Since winning the Correlation One / Citadel datathon in February, I’ve been fascinated by data science jobs in the Finance sector, and the idea of applying my strategic bidding research to equity markets where trading volumes are greater, physical constraints are looser, and there is less tension between regulators and traders.
However, from the West Coast it’s difficult to get insight into this secretive world, and I recently spent a day in New York meeting with current and former quantitative researchers (or ‘quants’) to understand life within quantitative hedge funds. As my background is with tech startups, I’ve been struck by the similarities -and differences- between these fields, and compare the two here for other rising data scientist who are weighing these career choices.
From across the country, the quantitative finance field seems dominated by large banks and a few large hedge funds – just as the Tech industry might appear to be dominated by post-IPO companies like Facebook, Amazon, Netflix, and Google. However, in both of these fields there is a world of smaller firms, often spinoffs founded by successful traders from the large funds. Operating like startups, these small funds have lean teams in which team members play a variety of roles until the idea is proven and ready to take on additional outside investment. Once an idea has proven its track record in the market, outside investment is sought to grow the idea to full scale- at which point the firm can begin adding more portfolio managers, more researchers, and more strategies until it is a diversified behemoth like Citadel or DE Shaw.
This growth curve can be as rapid as that found in startups, but with an important differentiator: while tech startups can get funding based on a team and an idea, institutional investors need to see a proven track record. This demands that small funds operate with a relatively small amount of capital for a few years before scaling through outside investment. In this formative stage, the team most needs people with deep familiarity with the market and a proven track record, making them difficult for a new engineering graduate to penetrate.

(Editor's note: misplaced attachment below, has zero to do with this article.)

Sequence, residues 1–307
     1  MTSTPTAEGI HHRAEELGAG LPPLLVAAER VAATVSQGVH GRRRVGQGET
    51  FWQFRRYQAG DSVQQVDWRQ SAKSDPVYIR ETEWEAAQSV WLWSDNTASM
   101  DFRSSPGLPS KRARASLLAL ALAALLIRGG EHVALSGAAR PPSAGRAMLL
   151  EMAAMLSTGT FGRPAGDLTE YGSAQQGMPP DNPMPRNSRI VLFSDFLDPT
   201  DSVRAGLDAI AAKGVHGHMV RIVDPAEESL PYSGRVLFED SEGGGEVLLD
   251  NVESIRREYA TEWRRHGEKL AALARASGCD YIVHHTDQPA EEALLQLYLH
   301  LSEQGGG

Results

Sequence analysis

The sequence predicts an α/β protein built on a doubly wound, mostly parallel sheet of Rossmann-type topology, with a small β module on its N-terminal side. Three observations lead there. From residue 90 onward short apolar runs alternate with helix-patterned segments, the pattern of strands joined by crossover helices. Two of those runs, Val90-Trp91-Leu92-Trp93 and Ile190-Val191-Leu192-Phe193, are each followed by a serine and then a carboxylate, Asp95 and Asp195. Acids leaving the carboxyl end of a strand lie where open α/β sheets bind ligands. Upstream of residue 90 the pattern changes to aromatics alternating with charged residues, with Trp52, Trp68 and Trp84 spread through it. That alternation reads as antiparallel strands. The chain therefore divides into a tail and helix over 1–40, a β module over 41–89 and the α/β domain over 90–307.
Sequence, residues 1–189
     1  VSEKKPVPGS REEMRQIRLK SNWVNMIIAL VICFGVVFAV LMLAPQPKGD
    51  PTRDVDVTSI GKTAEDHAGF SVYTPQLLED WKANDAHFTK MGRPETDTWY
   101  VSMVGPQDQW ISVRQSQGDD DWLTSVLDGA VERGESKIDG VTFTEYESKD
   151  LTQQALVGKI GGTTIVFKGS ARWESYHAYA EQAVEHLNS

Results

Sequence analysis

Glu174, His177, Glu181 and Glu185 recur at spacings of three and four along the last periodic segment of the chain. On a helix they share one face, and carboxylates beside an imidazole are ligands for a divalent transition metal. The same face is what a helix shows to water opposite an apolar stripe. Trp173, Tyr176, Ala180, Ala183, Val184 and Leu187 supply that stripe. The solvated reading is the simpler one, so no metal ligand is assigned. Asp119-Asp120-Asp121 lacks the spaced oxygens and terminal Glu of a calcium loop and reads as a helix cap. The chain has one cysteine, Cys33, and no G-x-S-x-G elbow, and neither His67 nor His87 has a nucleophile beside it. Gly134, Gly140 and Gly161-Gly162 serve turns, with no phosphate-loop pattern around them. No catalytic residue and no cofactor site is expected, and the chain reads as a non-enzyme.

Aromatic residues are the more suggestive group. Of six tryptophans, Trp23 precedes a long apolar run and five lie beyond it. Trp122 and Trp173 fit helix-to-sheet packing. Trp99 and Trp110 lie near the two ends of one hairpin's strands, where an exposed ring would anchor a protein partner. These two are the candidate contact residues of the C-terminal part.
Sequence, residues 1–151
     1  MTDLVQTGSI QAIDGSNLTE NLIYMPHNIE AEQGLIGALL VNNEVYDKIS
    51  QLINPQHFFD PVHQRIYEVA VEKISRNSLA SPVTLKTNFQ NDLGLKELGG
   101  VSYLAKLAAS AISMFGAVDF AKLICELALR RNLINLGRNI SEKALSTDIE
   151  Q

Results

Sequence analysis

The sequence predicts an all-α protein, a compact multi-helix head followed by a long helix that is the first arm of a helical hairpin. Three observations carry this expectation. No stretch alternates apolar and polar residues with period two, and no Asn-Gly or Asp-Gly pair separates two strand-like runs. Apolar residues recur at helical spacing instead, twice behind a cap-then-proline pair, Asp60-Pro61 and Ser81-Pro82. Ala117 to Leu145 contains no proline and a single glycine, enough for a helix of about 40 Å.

In technology, startups can be differentiated by branding, customer relationships, or unique data- things which are difficult to copy and which can create a “moat” which protects against competitors. In finance, there is no such moat: firms have access to the same market data, the same exchanges, and comparable computing power. In tech, a product’s success snowballs through network effects and market adoption- in finance, the profits of a successful algorithm will be eroded by market impacts, and ultimately get wiped out when competitors stumble across the same edge. Together, these effects make hedge funds more secretive and competitive, part of why I found it so difficult to learn about them.
Intense competition also shapes the career options of people in the field: while employees in the Bay Area may bounce between competing companies, spreading innovation through cross-polination, employment contracts in finance typically contain non-compete clauses that last between 6 months and several years, and are regularly enforced. Once installed at a successful firm, employees are less likely to move- held in place by a combination of good compensation, cultural fit, and non-compete clauses.
This competitiveness also drives a more dynamic work environment: rather than slowly building and curating a product feature over years, quantitative researchers are constantly brainstorming, testing, and rejecting new ideas. The pressure to constantly find a new edge means there is no chance to rest on one’s laurels, and job security is always threatened by the next market turnaround.
Like the Bay Area, Wall Street has its share of celebrity executives and strong-minded CEOs, and rivalries and grudges that emerge as these celebrities move between firms on their way to the limelight. But whereas the Bay Area may bear the historical stereotype of the greasy geek, preconceptions of Wall Street are based on the bellicose brawl of the trading pits. Instead of finding the ‘Big Swinging Dicks’ described by Michael Lewis in Liar’s Poker, I was astonished to find that everyone I met in the industry was patient, kind, and incredibly generous with their time- and that the quants I met were just as nerdy, excitable, and goofy as I.